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One of the most basic human rights that we all take for granted is the ability to live in decent housing or communities in our society. But that right doesn’t necessarily apply to everyone, and sadly, too many people in our community with intellectual and developmental disabilities are not able to enjoy that very elemental freedom. They are currently primarily living with family or in host homes in Colorado without many of the options that the rest of us enjoy.
When I look at our employees who work in our 31 stores up and down the Front Range and on the Western Slope who have intellectual and developmental disabilities, I see beyond what they can’t do. Those things make very little difference. I see people who work hard, contribute mightily, and who have so much to give. Giving these nearly 400 amazing people jobs in our stores is far and away the best business decision I have ever made in a nearly 40 year career.
But what troubles me -- as I see how capable these people are -- is that very often they…and many other men and women in Colorado with disabilities…do not have adequate housing options. There are two very tangible -- and fixable -- reasons for this: one, people with disabilities are often paid sub-minimum wages; and two, there is a lack of accessible and affordable housing and communities in which to live.
Today, there are more than 50,000 or more individuals with I/DD in the state of Colorado. The vast major live with their families. A smaller number live in host homes, and a small number live independently. When you consider that there is a shortage of housing for these people in Colorado, those numbers are quite significant. Another issue is that the number of aging people in Colorado with I/DD is growing; they will be needing housing over the next decade, but as things stand now, there are not enough housing options to satisfy this need.
I am a proud parent of a young man with Down syndrome. I worry about where Kennedy will live when I am gone. What I want...and what I am sure other parents of children with I/DD want…are more options. Whether those are independent housing or apartments, planned communities, intentional communities, or co-housing, the options should be broad, just as they should be across all parts of society. People with I/DD, just like everyone else in Colorado, should be able to choose where they want to live.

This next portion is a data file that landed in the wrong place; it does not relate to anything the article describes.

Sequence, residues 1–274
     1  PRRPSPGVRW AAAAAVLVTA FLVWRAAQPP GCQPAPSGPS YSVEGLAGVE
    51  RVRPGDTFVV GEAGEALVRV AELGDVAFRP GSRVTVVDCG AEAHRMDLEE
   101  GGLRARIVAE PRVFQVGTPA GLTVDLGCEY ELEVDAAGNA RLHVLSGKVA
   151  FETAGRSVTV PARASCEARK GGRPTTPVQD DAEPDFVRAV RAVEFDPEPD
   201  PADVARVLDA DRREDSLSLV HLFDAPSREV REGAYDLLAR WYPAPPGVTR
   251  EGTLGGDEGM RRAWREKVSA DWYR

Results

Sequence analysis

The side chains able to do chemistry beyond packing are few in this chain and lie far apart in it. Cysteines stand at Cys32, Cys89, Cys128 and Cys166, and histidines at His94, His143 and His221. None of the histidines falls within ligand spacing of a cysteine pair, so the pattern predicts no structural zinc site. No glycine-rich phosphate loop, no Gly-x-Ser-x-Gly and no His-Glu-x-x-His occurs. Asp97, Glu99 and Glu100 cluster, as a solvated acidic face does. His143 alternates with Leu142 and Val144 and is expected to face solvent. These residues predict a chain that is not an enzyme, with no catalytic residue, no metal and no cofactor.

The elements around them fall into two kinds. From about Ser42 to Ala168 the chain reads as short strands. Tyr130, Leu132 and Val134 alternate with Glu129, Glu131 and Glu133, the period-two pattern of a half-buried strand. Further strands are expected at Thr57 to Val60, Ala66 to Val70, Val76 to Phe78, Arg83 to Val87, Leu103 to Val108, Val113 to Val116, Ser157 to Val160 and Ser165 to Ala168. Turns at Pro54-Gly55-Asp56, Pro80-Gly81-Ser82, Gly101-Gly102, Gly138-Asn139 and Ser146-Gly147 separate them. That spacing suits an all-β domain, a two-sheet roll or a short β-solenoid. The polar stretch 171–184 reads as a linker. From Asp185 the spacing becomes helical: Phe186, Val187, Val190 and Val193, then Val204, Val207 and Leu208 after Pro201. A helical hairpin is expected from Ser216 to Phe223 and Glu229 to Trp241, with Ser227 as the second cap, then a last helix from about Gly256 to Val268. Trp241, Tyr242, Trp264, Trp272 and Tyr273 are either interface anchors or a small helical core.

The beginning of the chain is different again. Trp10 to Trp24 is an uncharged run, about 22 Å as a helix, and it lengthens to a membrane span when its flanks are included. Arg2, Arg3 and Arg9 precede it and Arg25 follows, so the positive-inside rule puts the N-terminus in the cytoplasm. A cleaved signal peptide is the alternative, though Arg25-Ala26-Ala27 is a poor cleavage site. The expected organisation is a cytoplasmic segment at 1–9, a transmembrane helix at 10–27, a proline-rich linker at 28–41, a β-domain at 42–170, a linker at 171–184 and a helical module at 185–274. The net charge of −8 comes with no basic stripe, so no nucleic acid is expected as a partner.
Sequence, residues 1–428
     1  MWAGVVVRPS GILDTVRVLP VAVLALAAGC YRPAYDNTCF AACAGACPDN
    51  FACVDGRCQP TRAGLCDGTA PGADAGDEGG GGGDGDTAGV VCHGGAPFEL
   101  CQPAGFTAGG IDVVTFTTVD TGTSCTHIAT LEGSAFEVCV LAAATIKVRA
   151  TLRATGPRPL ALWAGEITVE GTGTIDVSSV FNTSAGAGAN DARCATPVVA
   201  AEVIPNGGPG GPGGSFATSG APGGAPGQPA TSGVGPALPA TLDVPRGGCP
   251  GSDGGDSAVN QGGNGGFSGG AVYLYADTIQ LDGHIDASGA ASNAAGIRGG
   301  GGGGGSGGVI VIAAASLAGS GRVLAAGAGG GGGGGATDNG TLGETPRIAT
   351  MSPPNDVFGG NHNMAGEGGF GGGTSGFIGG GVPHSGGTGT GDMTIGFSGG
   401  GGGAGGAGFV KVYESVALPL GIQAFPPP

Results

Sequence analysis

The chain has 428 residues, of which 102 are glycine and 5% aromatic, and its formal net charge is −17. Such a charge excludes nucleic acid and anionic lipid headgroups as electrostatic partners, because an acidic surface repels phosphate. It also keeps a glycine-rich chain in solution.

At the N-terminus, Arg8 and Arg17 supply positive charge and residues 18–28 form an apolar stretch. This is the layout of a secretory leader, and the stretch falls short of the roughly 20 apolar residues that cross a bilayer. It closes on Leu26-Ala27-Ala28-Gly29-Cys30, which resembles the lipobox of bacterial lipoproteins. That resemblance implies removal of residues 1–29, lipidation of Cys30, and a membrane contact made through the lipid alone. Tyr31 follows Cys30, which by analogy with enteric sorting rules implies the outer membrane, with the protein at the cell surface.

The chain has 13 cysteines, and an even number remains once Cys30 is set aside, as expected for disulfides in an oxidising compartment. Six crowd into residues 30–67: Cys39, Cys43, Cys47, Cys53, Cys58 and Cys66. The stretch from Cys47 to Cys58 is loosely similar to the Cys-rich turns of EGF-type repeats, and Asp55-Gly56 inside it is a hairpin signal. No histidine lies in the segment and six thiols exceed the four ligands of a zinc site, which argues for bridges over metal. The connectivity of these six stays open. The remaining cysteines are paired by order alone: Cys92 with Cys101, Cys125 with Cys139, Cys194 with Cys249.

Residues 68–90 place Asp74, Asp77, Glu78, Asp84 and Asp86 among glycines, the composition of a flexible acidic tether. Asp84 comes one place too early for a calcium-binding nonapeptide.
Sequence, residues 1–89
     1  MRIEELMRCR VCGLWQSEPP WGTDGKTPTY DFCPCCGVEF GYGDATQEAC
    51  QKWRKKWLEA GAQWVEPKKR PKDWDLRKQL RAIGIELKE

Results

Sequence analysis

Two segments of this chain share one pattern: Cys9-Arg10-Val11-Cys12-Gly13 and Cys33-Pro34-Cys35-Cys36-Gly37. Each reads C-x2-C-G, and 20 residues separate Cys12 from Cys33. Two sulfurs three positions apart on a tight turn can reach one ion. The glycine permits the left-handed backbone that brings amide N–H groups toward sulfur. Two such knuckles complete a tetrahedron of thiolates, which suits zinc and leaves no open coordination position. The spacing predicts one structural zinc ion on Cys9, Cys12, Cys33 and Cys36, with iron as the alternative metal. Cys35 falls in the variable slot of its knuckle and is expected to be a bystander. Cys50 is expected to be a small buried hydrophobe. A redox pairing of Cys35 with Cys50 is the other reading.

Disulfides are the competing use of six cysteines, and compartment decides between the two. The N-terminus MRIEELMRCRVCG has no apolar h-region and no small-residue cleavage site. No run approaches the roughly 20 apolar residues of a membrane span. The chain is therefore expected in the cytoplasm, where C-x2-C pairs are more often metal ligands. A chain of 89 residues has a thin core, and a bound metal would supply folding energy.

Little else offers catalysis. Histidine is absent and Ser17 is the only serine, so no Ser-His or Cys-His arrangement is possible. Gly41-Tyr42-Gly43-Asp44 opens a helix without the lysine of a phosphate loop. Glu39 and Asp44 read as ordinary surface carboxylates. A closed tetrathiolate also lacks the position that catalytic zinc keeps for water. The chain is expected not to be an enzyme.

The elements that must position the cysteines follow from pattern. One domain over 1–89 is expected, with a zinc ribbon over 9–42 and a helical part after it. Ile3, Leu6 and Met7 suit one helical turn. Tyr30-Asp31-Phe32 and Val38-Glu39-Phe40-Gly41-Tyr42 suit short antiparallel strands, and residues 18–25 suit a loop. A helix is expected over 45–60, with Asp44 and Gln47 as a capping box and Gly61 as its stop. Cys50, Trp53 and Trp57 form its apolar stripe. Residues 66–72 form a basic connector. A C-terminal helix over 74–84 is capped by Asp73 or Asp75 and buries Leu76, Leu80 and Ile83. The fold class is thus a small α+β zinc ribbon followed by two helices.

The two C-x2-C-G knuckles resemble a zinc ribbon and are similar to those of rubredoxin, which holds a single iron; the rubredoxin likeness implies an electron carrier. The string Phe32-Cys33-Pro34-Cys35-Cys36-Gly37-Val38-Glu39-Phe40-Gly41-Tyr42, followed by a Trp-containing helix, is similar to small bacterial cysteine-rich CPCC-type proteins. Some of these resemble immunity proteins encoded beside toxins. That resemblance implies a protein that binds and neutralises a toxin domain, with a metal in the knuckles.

The solution is as simple as it is complex. We must immediately make creating accessible and affordable housing and communities for people with intellectual and developmental disabilities a priority and that begins by encouraging our state’s leadership to get on board. And the time is now.
To further this objective, we must eliminate subminimum wage. I testified earlier this year at the Capitol in support of the Subminimum Wage Employment bill and called for the elimination of subminimum wage employment entirely by 2025. I am proud that Colorado has declared itself an Employment First state, promoting competitive, integrated employment for people with disabilities.
Then, we must eliminate asset limits for public assistance. According to the Center for American Progress, an independent, nonpartisan policy institute, these limits are what “keep disabled people in poverty by requiring applicants to have resources below a certain threshold in order to qualify for benefits. Policymakers should also remove the age limit for opening Achieving a Better Life Experience (ABLE) tax-advantaged savings accounts.”
As a parent and an advocate for the vulnerable, the at-risk, and for those that simply need to be included and afforded the same opportunities we all have come to take for granted, I call upon us all to take a hard and thoughtful look at this issue and set a course that will advance our community…our society…forward.